Whenever I give a talk about street harassment to a group of people that hasn’t identified as feminist, I am likely to hear comments like “It’s men’s nature,” “It’s a compliment,” “Sure we don’t like it, but what can we do about it?” Recently, had conversations with two different young women who said their mothers have told them it’s a compliment and just part of life as a woman. That is similar to what my mom once told me when I was a teenager.
The belief that this behavior is “normal” and “natural” and there’s nothing we can do about it is sadly widespread. Take this latest research, via Think Progress:
“Most young women assume that being harassed, assaulted, and abused is simply something that everyone experiences, according to the results from a forthcoming study that will be published in the next issue of the journal Gender & Society. The perception that gender-based violence is normal dissuades most victims from reporting those crimes.
In order to arrive at those conclusions, sociologist Heather Hlavka analyzed interviews conducted with 100 young women between the ages of three and seventeen years old. The interview subjects had been identified as potential sexual assault victims through an advocacy group that works to combat child abuse. Hlavka discovered that most of those girls rationalized their everyday experiences of abuse and harassment, simply believing there was nothing unusual about being victimized.
“Objectification, sexual harassment, and abuse appear to be part of the fabric of young women’s lives. They had few available safe spaces; girls were harassed and assaulted at parties, in school, on the playground, on buses, and in cars,” Hlavka writes. “Overwhelmingly described as ‘normal stuff’ that ‘guys do’ or tolerating what ‘just happens,’ young women’s sexual desire and consent are largely absent. Sex was understood as something done to them.”
In other words, these young women tend to believe that men can’t help it. They’ve been taught that men can’t control their aggressive sex drives, so it makes sense to them that girls will inevitably become the subject of that aggression. That’s a central aspect of rape culture, and Hlavka argues it’s been deeply socialized into young women. Most of the study participants didn’t understand that there was any other way for men and women to interact.”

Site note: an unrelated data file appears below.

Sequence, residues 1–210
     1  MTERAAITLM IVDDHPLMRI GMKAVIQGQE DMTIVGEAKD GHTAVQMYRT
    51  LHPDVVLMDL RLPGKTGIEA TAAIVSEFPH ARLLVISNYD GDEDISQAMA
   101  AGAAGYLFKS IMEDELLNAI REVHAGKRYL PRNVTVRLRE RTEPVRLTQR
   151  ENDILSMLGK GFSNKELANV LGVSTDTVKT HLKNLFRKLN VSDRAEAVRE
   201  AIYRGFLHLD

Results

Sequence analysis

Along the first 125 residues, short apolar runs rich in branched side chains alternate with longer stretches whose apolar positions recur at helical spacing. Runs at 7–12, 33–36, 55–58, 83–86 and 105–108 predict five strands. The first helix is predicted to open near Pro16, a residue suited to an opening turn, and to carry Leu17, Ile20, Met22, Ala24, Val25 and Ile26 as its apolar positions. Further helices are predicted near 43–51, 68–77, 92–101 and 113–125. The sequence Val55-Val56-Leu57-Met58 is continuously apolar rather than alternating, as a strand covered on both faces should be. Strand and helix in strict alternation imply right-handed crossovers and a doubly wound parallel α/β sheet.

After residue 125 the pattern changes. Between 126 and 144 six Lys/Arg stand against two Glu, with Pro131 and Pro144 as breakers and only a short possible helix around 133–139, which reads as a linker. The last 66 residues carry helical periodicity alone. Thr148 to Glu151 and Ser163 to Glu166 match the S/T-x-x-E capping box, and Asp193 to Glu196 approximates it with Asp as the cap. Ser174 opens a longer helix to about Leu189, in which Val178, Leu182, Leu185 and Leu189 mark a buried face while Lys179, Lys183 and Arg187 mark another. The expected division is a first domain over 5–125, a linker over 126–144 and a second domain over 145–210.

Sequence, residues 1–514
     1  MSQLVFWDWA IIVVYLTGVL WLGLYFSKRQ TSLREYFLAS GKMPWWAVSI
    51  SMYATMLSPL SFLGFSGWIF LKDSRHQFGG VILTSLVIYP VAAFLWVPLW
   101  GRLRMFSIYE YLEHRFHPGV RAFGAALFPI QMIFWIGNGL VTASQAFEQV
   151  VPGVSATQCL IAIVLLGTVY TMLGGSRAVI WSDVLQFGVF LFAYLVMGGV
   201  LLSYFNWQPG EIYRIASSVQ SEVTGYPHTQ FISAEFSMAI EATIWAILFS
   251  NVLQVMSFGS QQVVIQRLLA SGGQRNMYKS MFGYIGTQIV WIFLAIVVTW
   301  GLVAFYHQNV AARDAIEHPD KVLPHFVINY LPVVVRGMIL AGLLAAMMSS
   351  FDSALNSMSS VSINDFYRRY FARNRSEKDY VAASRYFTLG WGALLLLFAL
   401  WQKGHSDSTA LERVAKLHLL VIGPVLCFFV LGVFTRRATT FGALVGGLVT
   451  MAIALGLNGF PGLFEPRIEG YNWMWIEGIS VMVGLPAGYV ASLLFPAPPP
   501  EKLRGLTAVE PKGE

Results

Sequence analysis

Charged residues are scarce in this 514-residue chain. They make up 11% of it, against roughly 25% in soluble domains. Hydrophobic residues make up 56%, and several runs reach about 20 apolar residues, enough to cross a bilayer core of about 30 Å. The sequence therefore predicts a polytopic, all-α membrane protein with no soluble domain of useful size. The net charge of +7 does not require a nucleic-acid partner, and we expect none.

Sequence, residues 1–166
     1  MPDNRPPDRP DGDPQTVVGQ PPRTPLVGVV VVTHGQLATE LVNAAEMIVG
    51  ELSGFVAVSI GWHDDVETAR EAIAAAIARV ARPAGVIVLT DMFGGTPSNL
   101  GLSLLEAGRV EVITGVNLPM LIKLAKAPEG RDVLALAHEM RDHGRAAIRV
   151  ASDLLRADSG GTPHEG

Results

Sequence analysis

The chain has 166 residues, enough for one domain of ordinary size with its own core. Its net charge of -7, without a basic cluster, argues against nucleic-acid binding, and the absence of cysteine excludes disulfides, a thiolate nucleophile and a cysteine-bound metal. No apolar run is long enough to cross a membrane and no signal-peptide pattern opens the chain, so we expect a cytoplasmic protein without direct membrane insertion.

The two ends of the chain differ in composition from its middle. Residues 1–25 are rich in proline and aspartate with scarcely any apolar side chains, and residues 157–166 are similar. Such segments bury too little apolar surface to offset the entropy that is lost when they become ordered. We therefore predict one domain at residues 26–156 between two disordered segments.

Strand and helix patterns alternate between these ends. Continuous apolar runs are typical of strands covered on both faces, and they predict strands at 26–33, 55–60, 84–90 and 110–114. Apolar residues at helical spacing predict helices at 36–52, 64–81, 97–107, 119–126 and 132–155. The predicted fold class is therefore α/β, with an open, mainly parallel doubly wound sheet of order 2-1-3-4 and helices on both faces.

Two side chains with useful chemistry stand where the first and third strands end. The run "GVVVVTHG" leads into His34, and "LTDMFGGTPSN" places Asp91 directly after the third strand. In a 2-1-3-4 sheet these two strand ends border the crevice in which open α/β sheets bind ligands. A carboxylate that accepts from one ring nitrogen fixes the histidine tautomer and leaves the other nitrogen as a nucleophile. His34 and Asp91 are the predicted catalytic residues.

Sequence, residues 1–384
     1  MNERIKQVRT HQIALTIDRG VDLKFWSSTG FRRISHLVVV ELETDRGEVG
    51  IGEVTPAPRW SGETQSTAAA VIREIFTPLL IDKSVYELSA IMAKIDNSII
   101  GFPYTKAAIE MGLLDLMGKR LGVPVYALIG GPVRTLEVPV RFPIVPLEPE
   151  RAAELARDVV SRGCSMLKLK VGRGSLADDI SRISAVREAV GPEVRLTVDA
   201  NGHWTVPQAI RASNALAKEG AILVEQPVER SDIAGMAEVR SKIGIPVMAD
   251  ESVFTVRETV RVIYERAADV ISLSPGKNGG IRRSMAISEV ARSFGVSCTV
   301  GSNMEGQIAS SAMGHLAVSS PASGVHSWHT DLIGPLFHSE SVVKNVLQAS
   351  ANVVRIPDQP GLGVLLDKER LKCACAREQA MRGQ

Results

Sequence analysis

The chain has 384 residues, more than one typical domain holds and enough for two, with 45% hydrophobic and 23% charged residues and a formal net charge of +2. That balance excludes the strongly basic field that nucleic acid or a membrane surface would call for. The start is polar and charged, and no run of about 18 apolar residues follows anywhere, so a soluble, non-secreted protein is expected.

When I worked at AAUW and co-authored a national study on sexual harassment in grades 7-12, this attitude was common among the harassers — “it’s no big deal/it’s just part of school life” was commonly given as the reason why they harassed another student.
As much as I’d like us (the anti-harassment movement) to be doing more prevention work, sadly, a lot of what is necessary right now is simply raising more awareness that sexual harassment and sexual violence are NOT normal and NOT okay.
I strongly believe that story-sharing can play a central role.
Take for example, a recent talk I gave to 100 students and faculty at a college in Maryland. During the Q&A a few men had no problem announcing to the room that it’s human nature for men to harass, women are to blame because of the tight clothing they wear, and (my favorite), that men are natural predators to women who are natural prey.
The talk was followed-up by a workshop with about 40 people, including the young man who made that last remark. At the start of the workshop, invited people to share their stories and several women did. And do you know what, that young man listened to their stories and shut up and did not say any more ridiculous things. I could see understanding and even empathy dawning in his eyes.
When people we care about — be they classmates, family members or friends — are negatively impacted by something, we are more apt to listen and to care, regardless of now “normal” or “okay” society says those issues are.
So, please, when you can, share your street harassment stories with people you trust – -raise their awareness that this a problem and why. Together we can help change social attitudes and go from seeing sexual harassment and assault as normal to deplorable.
Share on Facebook